Insurance in the age of drones - The technologist
26 Oct 2016
Robots are a technology developing at pace. We are living at a time when a confluence of technical advances – battery and power provision, computational ability and sensors – are allowing the rapid advance of robotics. Moreover, through continual self-optimisation, robots are able to become self-referential, and learn adaptively from their surroundings. Within a well-developed systems architecture, many robots can work collectively with each other on a common task. This collaboration is not centrally co-ordinated, it is the product of distributed autonomous intelligence.
Watch the interview with Raffaelo D'Andrea:
Raffaello D'Andrea has spent his career working with such robotics, highlights of which include the creation of Kiva Systems, which became Amazon Robotics, and regular participation in the Robot Soccer World Cup.
Drones, in this context, are robots that can move in three dimensions rather than just two. As such, their potential application is significant. They can be used to survey; to capture images; to aid reconnaissance in a war situation; to help within search-and-rescue; to survey crops, and to spray only those areas that require spraying; and, perhaps their most hyped quality, to deliver goods. Drones can be large fixed wing craft capable of carrying heavy payloads long distances; they could be micro, insect-sized cameras able to access tight confined spaces. The limits of drone technology are confined only by our imaginations.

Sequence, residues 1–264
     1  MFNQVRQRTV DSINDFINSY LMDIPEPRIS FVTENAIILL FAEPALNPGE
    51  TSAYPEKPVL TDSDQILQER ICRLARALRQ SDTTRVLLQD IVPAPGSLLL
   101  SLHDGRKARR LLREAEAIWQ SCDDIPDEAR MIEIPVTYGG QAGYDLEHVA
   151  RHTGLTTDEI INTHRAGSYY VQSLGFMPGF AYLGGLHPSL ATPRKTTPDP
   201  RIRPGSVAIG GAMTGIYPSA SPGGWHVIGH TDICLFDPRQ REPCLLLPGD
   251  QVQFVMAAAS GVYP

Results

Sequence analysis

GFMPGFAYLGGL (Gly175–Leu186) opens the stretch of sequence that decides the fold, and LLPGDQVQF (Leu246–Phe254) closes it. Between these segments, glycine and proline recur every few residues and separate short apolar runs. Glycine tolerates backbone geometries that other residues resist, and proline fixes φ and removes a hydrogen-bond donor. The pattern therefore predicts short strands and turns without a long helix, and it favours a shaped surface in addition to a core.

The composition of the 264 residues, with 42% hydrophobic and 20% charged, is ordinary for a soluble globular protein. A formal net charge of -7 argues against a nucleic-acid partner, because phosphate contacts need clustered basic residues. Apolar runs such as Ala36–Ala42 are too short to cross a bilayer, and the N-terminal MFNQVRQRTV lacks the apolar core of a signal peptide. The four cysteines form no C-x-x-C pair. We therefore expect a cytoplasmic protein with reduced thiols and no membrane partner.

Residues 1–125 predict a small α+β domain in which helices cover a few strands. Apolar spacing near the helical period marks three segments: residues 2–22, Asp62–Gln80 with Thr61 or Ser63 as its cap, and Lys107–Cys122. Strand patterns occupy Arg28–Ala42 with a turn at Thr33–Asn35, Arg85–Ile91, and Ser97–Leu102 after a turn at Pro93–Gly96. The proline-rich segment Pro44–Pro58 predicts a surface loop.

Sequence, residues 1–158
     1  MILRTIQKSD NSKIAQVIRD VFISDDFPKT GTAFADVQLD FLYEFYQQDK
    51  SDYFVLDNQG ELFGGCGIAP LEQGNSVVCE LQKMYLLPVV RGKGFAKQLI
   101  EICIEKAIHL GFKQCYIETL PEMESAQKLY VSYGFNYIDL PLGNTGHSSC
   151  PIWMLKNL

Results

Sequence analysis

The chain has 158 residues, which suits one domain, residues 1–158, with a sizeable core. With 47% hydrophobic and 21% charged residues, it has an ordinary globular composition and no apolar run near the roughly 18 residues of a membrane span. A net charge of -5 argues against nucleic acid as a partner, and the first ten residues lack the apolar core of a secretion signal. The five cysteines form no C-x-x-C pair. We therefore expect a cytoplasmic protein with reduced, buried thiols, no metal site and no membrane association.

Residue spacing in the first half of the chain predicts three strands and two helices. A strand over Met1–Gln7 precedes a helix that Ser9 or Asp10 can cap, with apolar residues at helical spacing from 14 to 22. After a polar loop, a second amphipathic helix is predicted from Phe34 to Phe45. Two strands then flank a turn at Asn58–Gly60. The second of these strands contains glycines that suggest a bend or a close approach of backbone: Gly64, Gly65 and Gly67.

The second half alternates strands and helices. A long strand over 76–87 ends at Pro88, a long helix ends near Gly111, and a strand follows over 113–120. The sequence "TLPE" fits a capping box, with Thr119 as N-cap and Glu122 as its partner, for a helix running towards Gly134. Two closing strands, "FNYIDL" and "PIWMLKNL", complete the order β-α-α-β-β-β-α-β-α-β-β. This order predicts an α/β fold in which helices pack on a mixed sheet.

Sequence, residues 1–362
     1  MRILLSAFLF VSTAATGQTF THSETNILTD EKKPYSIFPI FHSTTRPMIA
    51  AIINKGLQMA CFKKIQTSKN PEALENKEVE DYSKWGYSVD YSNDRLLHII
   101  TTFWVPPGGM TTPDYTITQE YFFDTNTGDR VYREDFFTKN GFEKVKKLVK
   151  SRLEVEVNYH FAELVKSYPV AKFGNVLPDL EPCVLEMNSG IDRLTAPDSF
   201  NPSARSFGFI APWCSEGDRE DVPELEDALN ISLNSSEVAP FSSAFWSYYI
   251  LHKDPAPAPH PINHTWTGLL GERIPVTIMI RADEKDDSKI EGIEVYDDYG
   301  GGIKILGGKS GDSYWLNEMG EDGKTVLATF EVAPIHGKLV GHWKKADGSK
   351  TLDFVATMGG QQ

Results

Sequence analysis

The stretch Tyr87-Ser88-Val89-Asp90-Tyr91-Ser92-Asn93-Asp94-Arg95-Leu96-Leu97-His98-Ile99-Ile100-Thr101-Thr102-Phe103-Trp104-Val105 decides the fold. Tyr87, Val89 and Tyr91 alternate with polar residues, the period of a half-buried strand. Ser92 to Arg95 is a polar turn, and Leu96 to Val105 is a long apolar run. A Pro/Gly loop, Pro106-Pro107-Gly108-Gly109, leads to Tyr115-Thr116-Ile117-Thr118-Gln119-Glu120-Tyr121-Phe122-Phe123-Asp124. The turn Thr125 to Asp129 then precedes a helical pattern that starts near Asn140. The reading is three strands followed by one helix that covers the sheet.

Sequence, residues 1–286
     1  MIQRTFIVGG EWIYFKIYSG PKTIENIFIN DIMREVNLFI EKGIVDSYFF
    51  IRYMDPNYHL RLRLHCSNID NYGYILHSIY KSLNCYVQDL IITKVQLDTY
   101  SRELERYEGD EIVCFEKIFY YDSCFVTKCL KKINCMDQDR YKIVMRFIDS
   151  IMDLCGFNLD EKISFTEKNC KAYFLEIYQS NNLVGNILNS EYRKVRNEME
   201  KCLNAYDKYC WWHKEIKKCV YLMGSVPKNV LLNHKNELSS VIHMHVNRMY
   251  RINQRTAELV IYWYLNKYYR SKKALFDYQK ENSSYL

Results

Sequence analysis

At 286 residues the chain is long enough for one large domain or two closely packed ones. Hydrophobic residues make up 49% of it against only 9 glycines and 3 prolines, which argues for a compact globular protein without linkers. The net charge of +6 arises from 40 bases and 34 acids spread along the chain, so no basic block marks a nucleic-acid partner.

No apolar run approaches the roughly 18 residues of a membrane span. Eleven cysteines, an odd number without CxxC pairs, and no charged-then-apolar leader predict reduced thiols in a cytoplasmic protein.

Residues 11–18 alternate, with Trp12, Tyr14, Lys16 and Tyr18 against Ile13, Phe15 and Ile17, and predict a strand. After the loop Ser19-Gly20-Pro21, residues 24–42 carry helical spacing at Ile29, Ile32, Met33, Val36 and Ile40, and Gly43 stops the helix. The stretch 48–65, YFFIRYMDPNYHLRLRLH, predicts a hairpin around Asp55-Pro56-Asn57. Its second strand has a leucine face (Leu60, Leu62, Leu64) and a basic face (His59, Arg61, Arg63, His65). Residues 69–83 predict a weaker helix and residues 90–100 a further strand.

From a technological perspective, there are two challenges of drone technology, which do not receive much media coverage:
- Battery efficiency: Getting power into a drone to make a journey is cheap. The journey becomes more expensive when the fixed cost of a battery is included. A typical drone battery can only be re-loaded 50-100 times, before it needs replacing; and replacing is not cheap. We are not currently on the verge of a breakthrough in lithium battery technology. For drone producers, it is therefore important to make their drones more efficient, reducing component weight or allowing for changes in structure. This fact also suggests it is currently only efficient to transport goods of high net worth. Drone pizza deliveries may have to wait.
- Safety and reliability: The potential for injury and damage from a drone is significant. One YouTube video shows a drone hitting a ski slope just seconds after the skier it was filming had passed. Drones have to target a mean-time-between-failure rate that is similar to that of commercial aircraft. To ensure this, drones built in Professor D'Andrea's lab are designed to be fail-safe – if one component fails, the drone has the ability to remain airborne. In terms of collision avoidance, drones are best placed to operate both through their own sensors, and through the order of an air traffic control system.
We do not yet see drones walking to work. In order for them to become part of our every day environment, they require public acceptance. There will be accidents. If a bad accident occurs before we are familiar with the ubiquity and the utility of drones, it could set the industry back several years in its development. Insurance will play a role in this process. It must evolve together with the industry, so that all parties can learn and develop in realising the many benefits that drones offer society.
See also:Drone event in October 2016. D'Andrea is Professor of Dynamic Systems and Control, Swiss Federal Institute of Technology (ETH) Zurich. Summary written by Simon Woodward.